The ties between American allies and Hamas—a terrorist organization—contribute to instability and violence, CFR Senior Fellow Steven A. Cook told the House Committee on Foreign Affairs Subcommittees on the Middle East and North Africa and Terrorism, Nonproliferation, and Trade. Under political, financial, and military pressure from Israel, the United States, the Palestinian Authority, Egypt, Saudi Arabia, and the United Arab Emirates, Hamas has found relief in support from Qatar and Turkey.
Listen as CFR experts Ed Husain and Janine Davidson explain how Islamic extremism has led to the rise of ISIS and other radical militant groups and what the United States can do to respond to this threat.
Writing in Defense One, Janine Davidson analyzes intercepted and published letters between two Al-Qaeda affiliates. In doing so, she identifies some of the terror network's best practices and "lessons learned."
CFR's Daniel Markey sheds light on the two Taliban branches—the Afghan-based group that negotiated the release of a U.S. prisoner of war, and the Pakistani Taliban, which attacked the Karachi airport last weekend.
The appearance of mid-level Al Qaeda planners in Syria may represent efforts by Al Qaeda to shift its organization away from its current networked organization back to the more lethal structure it had before September 11, 2001.
Charles Berger discusses an al-Qaeda more Balkanized than unified and argues that instead of a single strategy which treats all of these groups as Al Qaeda, the United States needs tailored strategies for each.
Algerian and Western counterterrorism efforts, along with an African-led peacekeeping force in Mali, have shifted the North African al-Qaeda franchise's criminal and terrorist activities to remote areas of the Sahara and Sahel, explains this Backgrounder.
Hezbollah's long-standing resistance to Israel gained this Lebanon-based Shiite political party and militant group broad support, but its involvement in Syria's civil war may jeopardize its domestic standing.
Pakistan has emerged as a sanctuary for some of the world's most violent groups, including al-Qaeda, the Taliban, and homegrown militants, that threaten the stability of Pakistan as well as the region.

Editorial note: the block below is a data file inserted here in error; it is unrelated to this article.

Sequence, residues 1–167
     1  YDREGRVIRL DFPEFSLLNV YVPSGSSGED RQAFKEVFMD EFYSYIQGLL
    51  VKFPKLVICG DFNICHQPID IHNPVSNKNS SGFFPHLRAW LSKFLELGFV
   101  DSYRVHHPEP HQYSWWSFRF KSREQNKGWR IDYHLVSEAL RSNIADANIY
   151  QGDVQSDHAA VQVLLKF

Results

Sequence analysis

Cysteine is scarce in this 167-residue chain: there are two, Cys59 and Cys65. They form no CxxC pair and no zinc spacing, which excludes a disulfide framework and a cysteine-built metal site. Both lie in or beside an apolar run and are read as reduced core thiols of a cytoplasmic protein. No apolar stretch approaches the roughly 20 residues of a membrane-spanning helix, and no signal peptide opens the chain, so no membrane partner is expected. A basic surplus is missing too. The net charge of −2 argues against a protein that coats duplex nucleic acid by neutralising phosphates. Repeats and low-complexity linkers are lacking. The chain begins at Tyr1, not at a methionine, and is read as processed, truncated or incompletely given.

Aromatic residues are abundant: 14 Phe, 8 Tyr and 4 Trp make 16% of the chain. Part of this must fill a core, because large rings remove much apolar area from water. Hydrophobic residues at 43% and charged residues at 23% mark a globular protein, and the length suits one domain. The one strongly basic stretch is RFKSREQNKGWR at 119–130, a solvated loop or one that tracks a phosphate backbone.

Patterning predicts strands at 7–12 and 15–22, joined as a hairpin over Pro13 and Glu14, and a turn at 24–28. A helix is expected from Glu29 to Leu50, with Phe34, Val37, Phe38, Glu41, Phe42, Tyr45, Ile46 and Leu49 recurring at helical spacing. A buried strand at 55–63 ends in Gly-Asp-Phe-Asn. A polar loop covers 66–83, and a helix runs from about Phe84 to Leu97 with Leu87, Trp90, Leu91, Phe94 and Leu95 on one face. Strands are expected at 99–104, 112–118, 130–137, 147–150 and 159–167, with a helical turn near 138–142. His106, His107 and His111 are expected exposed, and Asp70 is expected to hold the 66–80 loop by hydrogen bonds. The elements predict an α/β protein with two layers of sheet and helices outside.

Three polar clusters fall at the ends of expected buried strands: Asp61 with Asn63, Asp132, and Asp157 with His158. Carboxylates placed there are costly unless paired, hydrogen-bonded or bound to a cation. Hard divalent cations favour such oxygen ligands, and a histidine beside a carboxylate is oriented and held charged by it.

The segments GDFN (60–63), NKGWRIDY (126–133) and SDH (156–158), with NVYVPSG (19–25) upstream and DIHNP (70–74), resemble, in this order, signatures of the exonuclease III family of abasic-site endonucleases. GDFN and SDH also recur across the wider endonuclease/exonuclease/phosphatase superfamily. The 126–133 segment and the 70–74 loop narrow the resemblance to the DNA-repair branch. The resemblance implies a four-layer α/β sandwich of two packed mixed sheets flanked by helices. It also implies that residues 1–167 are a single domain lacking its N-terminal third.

Ed Husain hosts author Matt Levitt in a discussion of Hezbollah's terrorist activities, focusing on the group's presence internationally and including not only attempted and successful attacks, but also the group's illegal financial activities.
The Council on Foreign Relations' David Rockefeller Studies Program—CFR's "think tank"—is home to more than seventy full-time, adjunct, and visiting scholars and practitioners (called "fellows"). Their expertise covers the world's major regions as well as the critical issues shaping today's global agenda. Download the printable CFR Experts Guide.
Campbell evaluates the implications of the Boko Haram insurgency and recommends that the United States support Nigerian efforts to address the drivers of Boko Haram, such as poverty and corruption, and to foster stronger ties with Nigerian civil society.
Koblentz argues that the United States should work with other nuclear-armed states to manage threats to nuclear stability in the near term and establish processes for multilateral arms control efforts over the longer term.
The authors argue that it is essential to begin working now to expand and establish rules and norms governing armed drones, thereby creating standards of behavior that other countries will be more likely to follow.
Learn more about CFR’s mission and its work over the past year in the 2014 Annual Report. The Annual Report spotlights new initiatives, high-profile events, and authoritative scholarship from CFR experts, and includes a message from CFR President Richard N. Haass. Read and download »